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The Expert in Baby Boomer Travel

Travel Copywriter
Miley Cyrus putting

Miley Cyrus putting “twerking” into the news.

The answer to the above heading is “probably not.”

But it may have caught your attention. And that’s the point.

Celebrities — celebrity news, celebrity endorsements, celebrity appearances — can help drive traffic to businesses, including travel businesses.

And while Miley Cyrus and her “twerking” routine — which Yahoo reported was one of the top-searched items of 2013 — may not be a baby boomer obsession, other, shall we say more mature, celebrities can be very helpful indeed.

In the theme cruise column I write for Porthole Cruise Magazine, some of the most successful cruises I’ve featured use appearances by old-time baseball stars, soap opera stars, Broadway music stars — even political pundits who often show up on TV — to attract passengers.  The passengers get to mix and mingle with the celebrities, the cruise lines get to fill cabins, and the organizers and sponsors usually make a nice profit.

On most of these cruises, the passengers are typically of baby boomer age, in their 50s and 60s. They remember the ballplayers of the 1960s, ’70s and ’80s, they watch the political talk shows, they attend Broadway musicals and they may have caught a TV soap opera from time to time.

In a recent post, I wrote about the Discover Los Angeles tourism website, which had been named one of the best-designed destination travel sites in the U.S.  One of its best-read sections, featured on its home page, is a descriptive list of what various celebrities like most about L.A. — activities, restaurants, sights to see in the area, and the like.

Magic Johnson in his playing days; now a devotee of chicken and waffles.

Magic Johnson in his playing days; now a devotee of chicken and waffles.

Among the celebrities featured are two baby boomers, basketball legend Magic Johnson and actor Rob Lowe. Both Johnson and Lowe named Roscoe’s House of Chicken and Waffles as one of their favorite L.A. restaurants. I’ve eaten there and they do have good chicken and waffles, but I can only imagine how much business they’re doing these days because of these two website celebrity endorsements.

Of course, Los Angeles is built around celebrities and stars, but that doesn’t mean other destinations can’t use celebrity endorsements to drive visitors to their area.

Most places have some kind of celebrity, living or dead, that they can capitalize on. I grew up in a small town in Indiana called Greencastle, where the comedian Bob Hope was said to have gotten his start (or so I read in a Hope biography) and the notorious bank robber John Dillinger once knocked off the bank on the Courthouse Square, netting the most cash ($75,000) of any of his stick-ups. Former U.S. Vice President Dan Quayle went to college at DePauw University there, as did some other notables such as the writers Barbara Kingsolver and John Jakes, pharmaceuticals magnate Eli Lilly (who once owned a drug store in Greencastle) , civil rights activist Vernon Jordan, and Angie Hicks of Angie’s List.

John Dillinger once robbed the bank in Greencastle, Indiana. Where are the tourism promos?

John Dillinger once robbed the bank in Greencastle, Indiana. Where are the tourism promos?

If I were trying to lure tourists to Greencastle, as local lodgings and restaurants would no doubt love to do, I’d find some way to play up the Dillinger and Bob Hope angles. I would definitely try to recruit Angie Hicks to do a “list of top ten things to do in Greencastle.” A local restaurant could even serve a “potatoe” casserole in honor of Dan Quayle.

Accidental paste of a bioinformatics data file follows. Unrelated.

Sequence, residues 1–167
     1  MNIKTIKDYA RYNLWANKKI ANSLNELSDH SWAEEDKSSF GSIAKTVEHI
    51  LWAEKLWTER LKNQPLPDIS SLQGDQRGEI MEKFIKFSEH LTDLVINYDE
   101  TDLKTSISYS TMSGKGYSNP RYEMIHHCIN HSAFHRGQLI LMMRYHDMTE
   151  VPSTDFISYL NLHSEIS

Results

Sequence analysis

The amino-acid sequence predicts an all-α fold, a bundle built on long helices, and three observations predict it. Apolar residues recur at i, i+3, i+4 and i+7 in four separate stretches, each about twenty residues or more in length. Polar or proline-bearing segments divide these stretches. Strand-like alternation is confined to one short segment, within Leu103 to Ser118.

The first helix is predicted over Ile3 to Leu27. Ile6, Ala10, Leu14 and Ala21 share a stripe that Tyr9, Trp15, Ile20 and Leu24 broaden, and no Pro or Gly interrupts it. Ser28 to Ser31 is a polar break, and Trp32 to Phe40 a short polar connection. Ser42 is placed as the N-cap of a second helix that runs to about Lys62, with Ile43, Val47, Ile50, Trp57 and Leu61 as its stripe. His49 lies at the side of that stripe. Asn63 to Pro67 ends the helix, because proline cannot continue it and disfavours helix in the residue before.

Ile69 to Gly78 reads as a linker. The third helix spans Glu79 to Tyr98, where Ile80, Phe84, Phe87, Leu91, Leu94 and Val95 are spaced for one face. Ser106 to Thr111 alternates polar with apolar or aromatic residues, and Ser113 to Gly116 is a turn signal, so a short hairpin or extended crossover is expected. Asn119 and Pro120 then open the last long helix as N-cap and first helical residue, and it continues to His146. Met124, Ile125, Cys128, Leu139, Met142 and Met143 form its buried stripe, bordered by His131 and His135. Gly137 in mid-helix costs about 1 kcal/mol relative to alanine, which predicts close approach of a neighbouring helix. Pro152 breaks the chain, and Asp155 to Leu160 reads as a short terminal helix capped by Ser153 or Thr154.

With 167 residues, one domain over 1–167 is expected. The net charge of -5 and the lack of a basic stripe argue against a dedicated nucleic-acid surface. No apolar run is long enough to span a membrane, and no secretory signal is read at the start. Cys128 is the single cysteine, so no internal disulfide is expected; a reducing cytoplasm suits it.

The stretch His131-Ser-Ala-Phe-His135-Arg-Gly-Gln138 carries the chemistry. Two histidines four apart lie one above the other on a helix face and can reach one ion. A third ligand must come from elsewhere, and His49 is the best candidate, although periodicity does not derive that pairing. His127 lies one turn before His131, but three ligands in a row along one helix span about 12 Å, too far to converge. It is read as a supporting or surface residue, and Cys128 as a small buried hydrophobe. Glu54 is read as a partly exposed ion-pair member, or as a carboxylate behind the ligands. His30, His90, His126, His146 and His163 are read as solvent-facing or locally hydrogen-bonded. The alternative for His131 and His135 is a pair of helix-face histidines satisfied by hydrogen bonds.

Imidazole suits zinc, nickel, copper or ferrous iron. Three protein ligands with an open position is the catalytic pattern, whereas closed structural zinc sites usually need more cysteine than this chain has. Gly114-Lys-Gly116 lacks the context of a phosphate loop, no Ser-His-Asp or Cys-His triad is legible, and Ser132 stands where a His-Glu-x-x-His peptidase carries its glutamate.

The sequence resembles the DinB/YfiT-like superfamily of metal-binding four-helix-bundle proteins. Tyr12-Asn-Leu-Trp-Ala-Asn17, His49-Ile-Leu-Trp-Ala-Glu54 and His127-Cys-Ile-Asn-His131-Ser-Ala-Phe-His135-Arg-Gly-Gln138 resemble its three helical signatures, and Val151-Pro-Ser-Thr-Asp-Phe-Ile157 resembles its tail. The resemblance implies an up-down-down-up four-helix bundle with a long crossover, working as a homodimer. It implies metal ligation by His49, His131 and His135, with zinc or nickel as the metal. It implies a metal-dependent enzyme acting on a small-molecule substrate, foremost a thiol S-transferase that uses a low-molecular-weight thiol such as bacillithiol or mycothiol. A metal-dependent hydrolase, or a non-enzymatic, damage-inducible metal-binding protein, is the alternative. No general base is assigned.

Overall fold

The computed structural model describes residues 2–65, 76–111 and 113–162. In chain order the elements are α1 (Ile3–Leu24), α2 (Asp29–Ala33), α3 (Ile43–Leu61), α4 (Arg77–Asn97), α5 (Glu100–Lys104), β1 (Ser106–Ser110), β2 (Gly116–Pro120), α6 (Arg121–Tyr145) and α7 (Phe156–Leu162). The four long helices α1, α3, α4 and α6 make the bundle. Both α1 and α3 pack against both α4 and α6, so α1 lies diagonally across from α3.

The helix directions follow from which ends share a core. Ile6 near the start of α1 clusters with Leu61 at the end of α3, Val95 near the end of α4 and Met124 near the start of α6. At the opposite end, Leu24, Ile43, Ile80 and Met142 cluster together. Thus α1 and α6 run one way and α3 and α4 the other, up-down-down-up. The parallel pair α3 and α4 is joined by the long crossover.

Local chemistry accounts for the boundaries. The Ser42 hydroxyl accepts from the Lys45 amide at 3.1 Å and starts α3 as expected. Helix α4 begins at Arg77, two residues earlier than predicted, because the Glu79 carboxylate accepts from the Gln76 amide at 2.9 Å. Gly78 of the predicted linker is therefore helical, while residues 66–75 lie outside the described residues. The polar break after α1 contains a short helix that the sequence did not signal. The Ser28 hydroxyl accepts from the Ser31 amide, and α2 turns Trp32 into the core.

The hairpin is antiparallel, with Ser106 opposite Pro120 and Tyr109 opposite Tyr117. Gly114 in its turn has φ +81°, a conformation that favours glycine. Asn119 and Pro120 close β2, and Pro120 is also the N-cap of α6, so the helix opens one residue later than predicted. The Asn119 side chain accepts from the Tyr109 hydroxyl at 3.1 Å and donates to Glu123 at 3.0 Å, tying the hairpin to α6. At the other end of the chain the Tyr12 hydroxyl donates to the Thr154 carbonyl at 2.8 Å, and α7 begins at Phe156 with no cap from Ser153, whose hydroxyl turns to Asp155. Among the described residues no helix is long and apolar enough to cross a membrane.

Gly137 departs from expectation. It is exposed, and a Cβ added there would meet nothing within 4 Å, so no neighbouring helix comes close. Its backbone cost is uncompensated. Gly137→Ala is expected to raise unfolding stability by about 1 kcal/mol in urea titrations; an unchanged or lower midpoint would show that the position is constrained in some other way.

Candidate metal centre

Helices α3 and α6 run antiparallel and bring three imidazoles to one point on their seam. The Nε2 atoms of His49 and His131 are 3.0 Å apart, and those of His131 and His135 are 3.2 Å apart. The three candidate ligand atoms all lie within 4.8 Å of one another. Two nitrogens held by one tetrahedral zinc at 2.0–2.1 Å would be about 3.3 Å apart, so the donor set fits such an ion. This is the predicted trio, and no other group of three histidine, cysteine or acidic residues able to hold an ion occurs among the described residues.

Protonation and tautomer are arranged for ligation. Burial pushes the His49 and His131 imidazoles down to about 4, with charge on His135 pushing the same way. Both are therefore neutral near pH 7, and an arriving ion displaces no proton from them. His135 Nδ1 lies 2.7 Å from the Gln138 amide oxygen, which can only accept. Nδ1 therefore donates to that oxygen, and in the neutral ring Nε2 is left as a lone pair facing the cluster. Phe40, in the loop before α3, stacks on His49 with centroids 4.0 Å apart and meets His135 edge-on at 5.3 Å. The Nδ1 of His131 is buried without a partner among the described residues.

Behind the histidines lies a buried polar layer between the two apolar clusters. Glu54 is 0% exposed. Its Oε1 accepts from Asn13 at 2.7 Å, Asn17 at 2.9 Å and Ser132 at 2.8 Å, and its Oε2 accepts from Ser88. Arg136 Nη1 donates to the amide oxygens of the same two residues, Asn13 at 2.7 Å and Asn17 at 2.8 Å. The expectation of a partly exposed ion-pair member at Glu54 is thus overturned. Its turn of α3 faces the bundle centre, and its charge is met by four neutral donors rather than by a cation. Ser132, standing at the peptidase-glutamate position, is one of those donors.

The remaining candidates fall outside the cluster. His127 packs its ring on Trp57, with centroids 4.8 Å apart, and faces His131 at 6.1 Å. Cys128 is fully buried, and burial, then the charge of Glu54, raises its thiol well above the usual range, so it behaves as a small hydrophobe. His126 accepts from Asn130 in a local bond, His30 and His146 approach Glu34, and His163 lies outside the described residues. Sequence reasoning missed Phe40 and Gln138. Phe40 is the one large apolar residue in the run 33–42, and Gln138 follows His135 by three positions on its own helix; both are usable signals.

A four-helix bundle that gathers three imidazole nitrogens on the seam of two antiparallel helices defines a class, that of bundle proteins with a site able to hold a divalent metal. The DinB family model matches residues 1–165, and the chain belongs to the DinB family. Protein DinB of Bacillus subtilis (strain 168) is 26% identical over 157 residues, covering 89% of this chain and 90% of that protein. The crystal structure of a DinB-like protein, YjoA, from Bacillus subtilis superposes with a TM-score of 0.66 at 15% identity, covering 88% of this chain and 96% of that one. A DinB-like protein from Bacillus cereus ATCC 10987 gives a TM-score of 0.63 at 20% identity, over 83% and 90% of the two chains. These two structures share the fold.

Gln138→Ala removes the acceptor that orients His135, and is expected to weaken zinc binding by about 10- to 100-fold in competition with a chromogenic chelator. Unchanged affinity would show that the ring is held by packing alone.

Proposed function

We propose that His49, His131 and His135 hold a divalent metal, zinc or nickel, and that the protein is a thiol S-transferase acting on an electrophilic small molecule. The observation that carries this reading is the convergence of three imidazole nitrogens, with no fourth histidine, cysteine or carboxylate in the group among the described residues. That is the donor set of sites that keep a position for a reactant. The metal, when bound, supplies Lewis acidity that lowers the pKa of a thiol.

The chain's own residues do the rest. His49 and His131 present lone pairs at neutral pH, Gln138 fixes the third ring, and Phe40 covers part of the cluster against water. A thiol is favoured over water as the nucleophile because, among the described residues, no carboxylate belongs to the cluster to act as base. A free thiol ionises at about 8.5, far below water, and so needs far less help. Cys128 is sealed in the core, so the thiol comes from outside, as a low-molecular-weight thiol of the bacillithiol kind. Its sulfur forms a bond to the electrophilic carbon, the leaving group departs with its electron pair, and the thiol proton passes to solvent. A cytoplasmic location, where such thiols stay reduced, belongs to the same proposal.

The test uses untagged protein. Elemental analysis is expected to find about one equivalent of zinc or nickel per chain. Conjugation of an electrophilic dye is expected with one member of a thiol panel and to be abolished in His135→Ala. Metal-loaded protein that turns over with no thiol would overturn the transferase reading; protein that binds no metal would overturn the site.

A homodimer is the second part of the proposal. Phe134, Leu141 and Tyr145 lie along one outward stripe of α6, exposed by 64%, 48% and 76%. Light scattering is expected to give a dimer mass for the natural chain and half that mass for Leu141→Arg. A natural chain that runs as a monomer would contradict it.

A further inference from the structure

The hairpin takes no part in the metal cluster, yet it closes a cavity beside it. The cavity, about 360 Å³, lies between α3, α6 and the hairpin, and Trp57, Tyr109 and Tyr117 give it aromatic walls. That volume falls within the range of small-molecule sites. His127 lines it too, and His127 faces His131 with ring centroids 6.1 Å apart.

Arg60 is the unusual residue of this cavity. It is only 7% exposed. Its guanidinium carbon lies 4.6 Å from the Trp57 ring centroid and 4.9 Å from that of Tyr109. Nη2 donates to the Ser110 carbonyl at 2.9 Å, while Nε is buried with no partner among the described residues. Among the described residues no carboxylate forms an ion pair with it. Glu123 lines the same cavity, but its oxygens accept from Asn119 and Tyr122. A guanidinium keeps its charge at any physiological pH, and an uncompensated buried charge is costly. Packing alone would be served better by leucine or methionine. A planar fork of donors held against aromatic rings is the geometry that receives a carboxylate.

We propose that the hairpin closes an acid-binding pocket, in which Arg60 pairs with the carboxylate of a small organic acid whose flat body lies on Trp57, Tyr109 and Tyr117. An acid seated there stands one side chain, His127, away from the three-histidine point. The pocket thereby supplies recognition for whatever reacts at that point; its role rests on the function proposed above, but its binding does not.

Baby boomers, especially, might respond to some sort of historic walking tour of sites involving these personalities and others.

A quick check of Greencastle tourism-related sites shows one brief reference to Dillinger on the Putnam County Convention & Visitors Bureau website, and no references to Bob Hope or to any notable graduates of DePauw University that I could find. (Greencastle is the Putnam County seat.)

Instead, websites promoting Greencastle tourism (there are just a couple) focus on the numerous covered bridges in the region, as well as the World War II buzz bomb on Greencastle’s Courthouse Square and some of the historic buildings on the DePauw campus.

That’s all fine — the covered bridges and campus are well worth seeing and the buzz bomb is an interesting oddity — but a little celebrity power could put some real juice into the mix.

If you’re a marketer aiming your sites on attracting baby boomers, I suggest thinking about how you can mine the celebrities in your area for endorsements or even just mentions to attract attention. Set up a theme and work something around it. “Dillinger Country!” comes to mind for Greencastle.

In a later post I’ll talk about the power of movie settings in attracting baby boomers and other travelers.

 

Meanwhile, be sure to download my free report, “How to Ride the Coming Wave of Boomers,” available here. It’s all about the best ways to market travel to baby boomers — the biggest-spending group of travelers the world has ever seen. It’s also the easiest way to subscribe to my blog, so you won’t miss a posting. Thanks!

 

 

 

 

 

 

 

 

 

 

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According to government and private surveys:

  • Leading-edge baby boomers (born between 1946 and 1955) and seniors account for four out of every five dollars spent on luxury travel today.
  • Roughly half the consumer spending money in the U.S.--more than $2 trillion--is in the hands of leading-edge baby boomers and seniors.
  • Baby boomers (born 1946-1964) travel more than any other age group.
  • When asked what they would most like to spend their money on, baby boomers answered “travel” more than any other category, including improving their health or finances.

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